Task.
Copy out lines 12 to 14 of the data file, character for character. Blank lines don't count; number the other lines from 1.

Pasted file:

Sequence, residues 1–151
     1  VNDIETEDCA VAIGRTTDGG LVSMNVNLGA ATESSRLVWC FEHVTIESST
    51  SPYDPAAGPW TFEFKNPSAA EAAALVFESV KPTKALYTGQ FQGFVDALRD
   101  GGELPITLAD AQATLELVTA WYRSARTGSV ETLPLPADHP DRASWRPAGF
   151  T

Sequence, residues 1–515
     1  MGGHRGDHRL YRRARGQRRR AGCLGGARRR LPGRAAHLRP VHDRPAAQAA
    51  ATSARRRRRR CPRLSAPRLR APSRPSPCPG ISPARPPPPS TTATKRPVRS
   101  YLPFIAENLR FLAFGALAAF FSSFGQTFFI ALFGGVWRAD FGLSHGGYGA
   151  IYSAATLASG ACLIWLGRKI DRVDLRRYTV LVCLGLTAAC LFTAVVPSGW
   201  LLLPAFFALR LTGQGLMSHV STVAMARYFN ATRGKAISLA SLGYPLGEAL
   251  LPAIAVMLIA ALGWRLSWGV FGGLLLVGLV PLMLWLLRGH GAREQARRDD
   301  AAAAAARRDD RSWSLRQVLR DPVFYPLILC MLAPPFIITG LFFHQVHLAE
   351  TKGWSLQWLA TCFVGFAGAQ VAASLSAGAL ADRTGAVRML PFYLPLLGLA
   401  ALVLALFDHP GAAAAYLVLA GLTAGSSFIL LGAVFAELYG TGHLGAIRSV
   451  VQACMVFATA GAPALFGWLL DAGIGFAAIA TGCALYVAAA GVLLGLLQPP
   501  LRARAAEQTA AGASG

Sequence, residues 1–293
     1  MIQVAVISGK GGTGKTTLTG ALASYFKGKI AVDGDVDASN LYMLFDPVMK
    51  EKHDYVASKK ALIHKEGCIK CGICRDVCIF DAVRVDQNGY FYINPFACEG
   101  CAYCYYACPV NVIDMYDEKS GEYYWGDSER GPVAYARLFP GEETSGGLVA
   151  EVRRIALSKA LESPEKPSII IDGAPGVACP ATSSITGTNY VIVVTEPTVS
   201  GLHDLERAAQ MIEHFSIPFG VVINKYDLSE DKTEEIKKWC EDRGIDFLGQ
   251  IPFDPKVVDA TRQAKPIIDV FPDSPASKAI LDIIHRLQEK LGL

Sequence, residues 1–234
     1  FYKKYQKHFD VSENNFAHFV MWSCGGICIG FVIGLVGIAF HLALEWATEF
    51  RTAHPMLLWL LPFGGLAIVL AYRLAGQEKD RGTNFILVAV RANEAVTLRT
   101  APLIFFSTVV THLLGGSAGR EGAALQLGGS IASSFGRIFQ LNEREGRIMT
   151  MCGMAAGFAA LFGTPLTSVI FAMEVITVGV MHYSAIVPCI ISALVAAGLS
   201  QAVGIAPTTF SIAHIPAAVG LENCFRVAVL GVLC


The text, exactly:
   251  LPAIAVMLIA ALGWRLSWGV FGGLLLVGLV PLMLWLLRGH GAREQARRDD
   301  AAAAAARRDD RSWSLRQVLR DPVFYPLILC MLAPPFIITG LFFHQVHLAE
   351  TKGWSLQWLA TCFVGFAGAQ VAASLSAGAL ADRTGAVRML PFYLPLLGLA